Why learn Biblical Hebrew?
· Hebrew and Aramaic were the languages Jesus spoke
· It is the original language in which the Bible was written
· Israel is one of the most visited Countries in the World
Hebrew is the language of a region with a very different culture situated in the Middle East
Do you want to learn Hebrew and read the Bible in its original language? Would you like to better understand the language and world of Abraham, Moses, David, and even Jesus? Studying Hebrew with Dr. Tarsee Li is more than learning one of the world's oldest languages, it is learning about the ancient history and culture of Israel and its neighbors.
The modern state of Israel has its roots in the Land of Israel (Eretz Yisrael), a concept central to Judaism since ancient times, and the heartland of the ancient Kingdom of Judah to which modern Jews are usually attributed. After World War I, the League of Nations approved the British Mandate of Palestine with the intent of creating a "national home for the Jewish people.” In 1947, the United Nations approved the partition of Palestine into two states, one Jewish and one Arab. On May 14, 1948 the state of Israel declared independence and this was followed by a war with the surrounding Arab states, which refused to accept the plan. The Israelis were subsequently victorious in a series of wars confirming their independence and expanding the borders of the Jewish state beyond those in the UN Partition Plan. Since then, Israel has been in conflict with many of the neighboring Arab countries, resulting in several major wars and decades of violence that continue to this day. Since its foundation, Israel's boundaries and the State's right to exist have been subject to dispute, especially among its Arab neighbors and their many Palestinian refugees. Israel has signed peace treaties with Egypt and Jordan, though efforts for a long-lasting peace with the Palestinians have so far been unsuccessful.
Israel was established as a homeland for the Jewish people and is often referred to as the Jewish state. The country's Law of Return grants all Jews and those of Jewish lineage the right to Israeli citizenship. Just over three quarters, or 75.5%, of the population are Jews from a diversity of Jewish backgrounds. Approximately 68% of Israeli Jews are Israeli-born, 22% are immigrants from Europe and the Americas, and 10% are immigrants from Asia and Africa (including the Arab World). The religious affiliation of Israeli Jews varies widely: 55% say they are "traditional," while 20% consider themselves "secular Jews," 17% define themselves as Orthodox Jews"; the final 8% define themselves as "Haredi Jews."
Making up 16.2% of the population, Muslims constitute Israel's largest religious minority. Arab citizens of Israel, who comprise 19.8% of the population, contribute significantly to that figure as over four fifths (82.6%) of them are Muslim. Of the remaining Israeli Arabs, 8.8% are Christian and 8.4% are Druze. Members of many other religious groups, including Buddhists and Hindusmaintain a presence in Israel, albeit in small numbers. Christians make up 2.1% of the total population of Israel and consist of both Arab Christians and Messianic Jews.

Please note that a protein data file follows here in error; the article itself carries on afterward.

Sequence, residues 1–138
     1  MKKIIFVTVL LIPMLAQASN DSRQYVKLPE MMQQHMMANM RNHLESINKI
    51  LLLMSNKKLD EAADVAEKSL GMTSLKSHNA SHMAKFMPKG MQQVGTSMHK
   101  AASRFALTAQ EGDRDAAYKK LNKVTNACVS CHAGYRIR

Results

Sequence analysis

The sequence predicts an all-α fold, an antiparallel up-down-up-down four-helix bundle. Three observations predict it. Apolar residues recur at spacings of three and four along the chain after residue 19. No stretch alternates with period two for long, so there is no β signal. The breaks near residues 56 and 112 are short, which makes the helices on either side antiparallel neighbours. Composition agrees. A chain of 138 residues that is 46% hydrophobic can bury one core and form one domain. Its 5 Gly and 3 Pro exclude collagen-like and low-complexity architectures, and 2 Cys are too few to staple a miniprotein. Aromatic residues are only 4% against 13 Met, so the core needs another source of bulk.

The city of Jerusalem is of special importance to Jews, Muslims and Christians as it is the home of sites that are pivotal to their religious beliefs, such as the Western Wall, the Temple Mount, the Al-Aqsa Mosue and the Church of the Holy Sepulchre.
Culture of Israel
Israel's diverse culture stems from the diversity of the population: Jews from around the world have brought their cultural and religious traditions with them, creating a melting pot of Jewish customs and beliefs. Israel is the only country in the world where life revolves around the Hebrew calendar. Work and school holidays are determined by the Jewish holidays, and the official day of rest is Saturday, the Jewish Sabbath. Israel's substantial Arab minority has also left its imprint on Israeli culture in such spheres as architecture, music, and cuisine. Israeli music contains musical influences from all over the world; Yemenite music, Hasidic melodies, Arabic music, Greek music, jazz, and pop rock are all part of the music scene. The nation's canonical folk songs, known as "Songs of the Land of Israel," deal with the experiences of the pioneers in building the Jewish homeland. Among Israel's world-renowned orchestras is the Israel Philharmonic Orchestra, which has been in operation for over seventy years and today performs more than two hundred concerts each year. Continuing the strong theatrical traditions of the Yiddish theater in Eastern Europe, Israel maintains a vibrant theatre scene. Founded in 1918, Habima Theatre in Tel Aviv is Israel's oldest repertory theater company and national theater.
The Israel Museum in Jerusalem is one of Israel's most important cultural institutions and houses the Dead Sea scrolls along with an extensive collection of Judaica and European art. Israel's national Holocaust museum, Yad Vashem, houses the world's largest archive of Holocaust-related information. Beth Hatefutsoth (the Diaspora Museum), on the campus of Tel Aviv University, is an interactive museum.
The Western Wall and the Dome of the Rock, Jerusalem
Israel was established as a homeland for the Jewish people and is often referred to as the Jewish state. The country's Law of Return grants all Jews and those of Jewish lineage the right to Israeli citizenship. Just over three quarters, or 75.5%, of the population are Jews from a diversity of Jewish backgrounds. Approximately 68% of Israeli Jews are Israeli-born, 22% are immigrants from Europe and the Americas, and 10% are immigrants from Asia and Africa (including the Arab World).
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